"You don't give me my demands, I will start shooting students. They know who they are. Don't play hero with me. I know who the tough guys are and I don't want you big guys together." Shows he knows the potential for harm.

"Try to escape and I will shoot you in the back." Shows he knows the potential for harm.

"Get in front of those doors, so I can use you as shields." Shows he knows the potential for harm.

"We're going to be here a long time, I've got enough ammo here to kill a lot of cops." Shows he knows the potential for harm.

Where's the note? "Dear family, distribute my possessions." Shows he knows the potential harm to himself.

So much for the first prong of the nature and consequences, which is their burden of proof. They don't make it.

Do they make the second prong? They must prove to you that Ralph Tortorici [didn't know] his conduct was wrong. And by wrong the law means, as you will hear, is that he can't know that it was either legally or morally wrong. If he does, he can't say he's not responsible. Ladies and gentlemen, as you will hear, when we talk about wrong and knowledge of wrongness, we're not talking about-- I was a little hesitant to give you this example because it's a little lacking in taste, but after what you heard in this trial it's really nothing. Do you remember that commercial? I think it was for some popular laxative, where they said "normal is normal for you." Well, in this case-- and you will hear the law on wrongness-- knowledge of wrongfulness, what we're talking about is knowledge of not what's wrong for him, but knowledge of what society would perceive is wrong, what an ordinary person would perceive is wrong. The judge will tell you the defendant cannot escape criminal responsibility by imposing his own personal standard of rightness and wrongness.

Ladies and gentlemen, first of all, I think there's a lot of proof in this record to show that Ralph Tortorici himself knew that his act was wrong, even for him. But they must show you, as I said, that he didn't know what others would think.

Where's their proof? Where is there proof? Ladies and gentlemen, even though we don't have to prove to you that he did know under the second prong of the test-- which I like to call the wrong prong-- there's a lot of proof to show that Ralph Tortorici did know that others would perceive his act as legally or morally wrong. Let's go through them.

Number one, he hides the gun in his coat all the way-- and you heard Dackri Simpson tell you-- all the way from-- SUNY Albany is a big campus-- all the way from the Colonial Quad parking lot across the outside of the campus, onto the academic podium, as he told you, downstairs to the lecture center, all the while with the gun in his coat, hiding the gun, secreting the gun. Shows that he knows the conduct is wrong. He continues to secrete the gun as he walks into the lecture center. Shows he knows that the conduct is wrong. "Tie those doors, so the cops don't come in." Shows he knows that his conduct was perceived as wrong.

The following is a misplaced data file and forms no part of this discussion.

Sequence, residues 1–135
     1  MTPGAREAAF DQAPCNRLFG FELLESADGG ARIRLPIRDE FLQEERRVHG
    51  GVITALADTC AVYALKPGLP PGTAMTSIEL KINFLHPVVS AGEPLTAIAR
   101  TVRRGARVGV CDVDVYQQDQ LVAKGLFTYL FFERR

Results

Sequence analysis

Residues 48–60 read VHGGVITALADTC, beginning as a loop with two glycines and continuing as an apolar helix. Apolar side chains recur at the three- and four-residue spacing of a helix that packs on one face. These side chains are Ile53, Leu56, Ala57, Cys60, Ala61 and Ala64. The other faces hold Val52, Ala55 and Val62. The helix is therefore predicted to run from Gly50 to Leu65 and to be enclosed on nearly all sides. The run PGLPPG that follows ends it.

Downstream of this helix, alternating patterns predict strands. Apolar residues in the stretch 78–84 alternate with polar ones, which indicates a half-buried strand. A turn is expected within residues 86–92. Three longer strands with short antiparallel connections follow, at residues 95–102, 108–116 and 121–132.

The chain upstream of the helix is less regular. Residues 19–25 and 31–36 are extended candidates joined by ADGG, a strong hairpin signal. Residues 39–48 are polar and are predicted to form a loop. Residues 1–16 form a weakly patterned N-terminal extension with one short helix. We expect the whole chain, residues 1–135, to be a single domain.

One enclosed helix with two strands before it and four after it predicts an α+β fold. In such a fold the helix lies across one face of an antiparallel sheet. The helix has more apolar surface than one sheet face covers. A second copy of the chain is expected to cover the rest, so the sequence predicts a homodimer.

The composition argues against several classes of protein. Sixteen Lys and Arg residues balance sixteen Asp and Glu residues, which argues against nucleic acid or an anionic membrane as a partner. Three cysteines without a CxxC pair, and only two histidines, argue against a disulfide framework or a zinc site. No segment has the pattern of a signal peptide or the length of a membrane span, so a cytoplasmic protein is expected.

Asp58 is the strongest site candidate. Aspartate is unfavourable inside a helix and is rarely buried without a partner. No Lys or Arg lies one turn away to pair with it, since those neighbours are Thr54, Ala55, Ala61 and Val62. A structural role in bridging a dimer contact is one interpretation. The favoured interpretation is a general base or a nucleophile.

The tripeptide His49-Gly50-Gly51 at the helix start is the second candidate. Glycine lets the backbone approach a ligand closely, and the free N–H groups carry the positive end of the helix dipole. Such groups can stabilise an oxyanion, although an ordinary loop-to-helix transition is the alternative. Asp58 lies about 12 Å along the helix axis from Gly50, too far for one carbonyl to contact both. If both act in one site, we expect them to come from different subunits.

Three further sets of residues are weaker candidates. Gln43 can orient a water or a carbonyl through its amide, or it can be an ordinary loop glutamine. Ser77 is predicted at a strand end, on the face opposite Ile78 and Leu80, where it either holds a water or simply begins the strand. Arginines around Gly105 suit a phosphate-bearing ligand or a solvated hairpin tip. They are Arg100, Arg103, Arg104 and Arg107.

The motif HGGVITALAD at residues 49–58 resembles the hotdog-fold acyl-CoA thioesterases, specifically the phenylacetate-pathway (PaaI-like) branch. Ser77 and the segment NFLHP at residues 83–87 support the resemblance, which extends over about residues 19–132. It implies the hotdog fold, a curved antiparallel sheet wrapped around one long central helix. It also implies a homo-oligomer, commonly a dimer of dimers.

"I'm going to let you two crying girls go." Shows he knows that his act is morally wrong. "I got a soft spot for girls. Go ahead." Morally wrong, shows he knows that.

"I've got enough ammo to kill a lot of cops." Shows he knows that the cops are coming, shows he knows that his act is legally wrong. Calls over Investigator Guiry in the emergency room and says, "You know, I didn't mean to shoot anybody." Shows he knows that his act is legally and morally wrong. Emergency room records say he's sorry that anybody got hurt. And that's right after the time of the incident. Shows he knows that his act is legally or morally wrong.

Ladies and gentlemen, the fact that he doesn't start talking about his motivation being getting the chip out of his brain or penis until after he's arrested shows, I would submit to you, that he knows he needs a sympathetic reason to explain his conduct and, therefore, shows that he knows his act was legally wrong.

Ladies and gentlemen, you heard some rather disturbing kind of graphic gross testimony from Investigator Guiry about how Ralph Tortorici had defecated in his pants after-- at the risk of sounding gross-- I would suggest to you, since there's no evidence that he had any ordinary problem with his bowels or whatever, I would suggest that he shows to you that he was scared. And if he knew enough to be scared, it shows you that you knew his act was either legally or morally wrong.

The note to the family. "I hope I don't bring you more grief." Ladies and gentlemen, remember where there's two interpretations that can be given to an act, remember who has the burden of proof, please. "I hope I don't bring you more grief," shows that he knows, I submit to you, that his family would suffer stigma and that his act would be perceived by others as morally wrong. And, again, the fact that he mentions the experiment in the note, "Dear family, please understand my actions are necessary to try to stop this experimenting," shows again-- and you're talking about the mind here, admittedly a bit disturbed, but a very smart psychology major senior. Think about what the target audience is for this note. It's his family. All right? And his family that he knows is already sympathetic to the idea of his mental illness. He knows that he needs to give them comfort, to give them peace, a sympathetic reason for his conduct, so they will sympathize and feel sorry for him. Because saying, "Dear family, I'm really mad at the University and my girlfriend and I'm going to go take hostages and kill people" isn't going to make it; it's not particularly sympathetic. It shows that he knows that his conduct is morally wrong.